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Conduct infrastructure audit in colleges of education - Dialogue participants

Participants in the Colleges of Education Weekly Journal (CoEWJ) National Dialogue on Initial Teacher Education have called on the Ghana Tertiary Education Commission (GTEC) to carry out infrastructure audit in all the colleges of education to ascertain what deficits prevail.

According to them, the introduction of the Free Senior High School (SHS) policy in the country had increased considerably the number of candidates who applied for admission into colleges of education.

Moreover, they said the introduction of the four-year Bachelor of Education programme had culminated in additional one year of students staying in college, adding that, “this has brought a lot of pressure on the already-existing inadequate infrastructure on campuses. These challenges include but not limited to deficits such as halls of residence, lecture halls, laboratories and college libraries”.


“Facilities and materials to promote effective teaching and learning all appear to be inadequate since infrastructure is limited. The same materials that used to cater for three cohorts on campus are the same used to cater for the current four cohorts.

“All the 46 colleges of education have resorted to a double-shift system, whereby different cohorts or levels report to college for their academic work alternatively. This is to enable the different groups to have a fair use of the limited facilities. This system is having negative effects on the learning outcomes, management and administration of the colleges, as well as the well-being of all staff and students,” the participants said.

They said these in a communique issued by the CoEWJ National Dialogue on Initial Teacher Education held at the Ghana National Association of Teachers (GNAT) Hall in Accra.

The event, which was on the theme, “Four years into the transformation of colleges of education into degree-awarding institutions — Realities and the way forward”, was attended by over 250 participants from the education sector.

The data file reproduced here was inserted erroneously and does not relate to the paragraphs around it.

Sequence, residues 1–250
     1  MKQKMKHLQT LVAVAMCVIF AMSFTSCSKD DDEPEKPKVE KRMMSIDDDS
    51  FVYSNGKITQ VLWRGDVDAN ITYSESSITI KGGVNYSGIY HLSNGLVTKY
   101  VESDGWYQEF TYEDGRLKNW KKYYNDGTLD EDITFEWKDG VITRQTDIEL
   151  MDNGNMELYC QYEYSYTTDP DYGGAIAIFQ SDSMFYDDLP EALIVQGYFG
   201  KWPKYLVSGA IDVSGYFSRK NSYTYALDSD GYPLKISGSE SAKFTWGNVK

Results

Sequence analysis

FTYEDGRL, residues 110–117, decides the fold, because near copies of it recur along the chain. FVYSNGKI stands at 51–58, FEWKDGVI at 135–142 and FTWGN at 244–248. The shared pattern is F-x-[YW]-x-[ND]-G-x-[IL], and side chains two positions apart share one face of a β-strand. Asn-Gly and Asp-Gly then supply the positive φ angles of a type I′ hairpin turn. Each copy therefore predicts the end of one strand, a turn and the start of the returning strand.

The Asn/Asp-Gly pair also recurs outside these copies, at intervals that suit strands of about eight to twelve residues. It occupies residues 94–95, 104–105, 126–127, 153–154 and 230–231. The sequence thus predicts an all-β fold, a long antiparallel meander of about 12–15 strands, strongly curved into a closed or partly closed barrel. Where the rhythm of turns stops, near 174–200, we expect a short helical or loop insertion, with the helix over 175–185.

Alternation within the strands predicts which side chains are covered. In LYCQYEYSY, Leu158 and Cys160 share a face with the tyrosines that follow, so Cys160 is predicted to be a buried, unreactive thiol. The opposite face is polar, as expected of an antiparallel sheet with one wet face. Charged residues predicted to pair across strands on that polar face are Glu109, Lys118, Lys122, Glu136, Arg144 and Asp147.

The aims of the dialogue were to, among others, advance a conversation on the current state of the colleges of education in the country as degree-awarding institutions, the potential impact of the colleges of education transformation processes on the training of prospective teachers, the realities of prospects and challenges facing the colleges and how these could be best addressed.

The communique, which was signed by the Board Chair of T-TEL, Prof. Jophus Anamuah-Mensah, and the Editor-in-Chief of the CoEWJ, Larry Kofi Agbador, said, among other things, that since ICT had become an indispensable tool today, there was the need to contextualise its critical importance in the training of teachers.

“Libraries are the heartbeat of academic institutions and so college libraries must be well stocked with relevant reference materials to support staff and students in their lifelong learning and research,” it said.


The participants, upon reflection and realising the pivotal role of “supported teaching in schools” and off-campus teaching practice, recommended that affiliated universities should collaborate with colleges of education to develop a professional practice policy to direct all the activities that related to professional practice.

It said since professional practice provided the real interface between training and the actual teaching profession, the Ministry of Education and the GTEC must ensure that colleges had adequate buses designated for that important activity.

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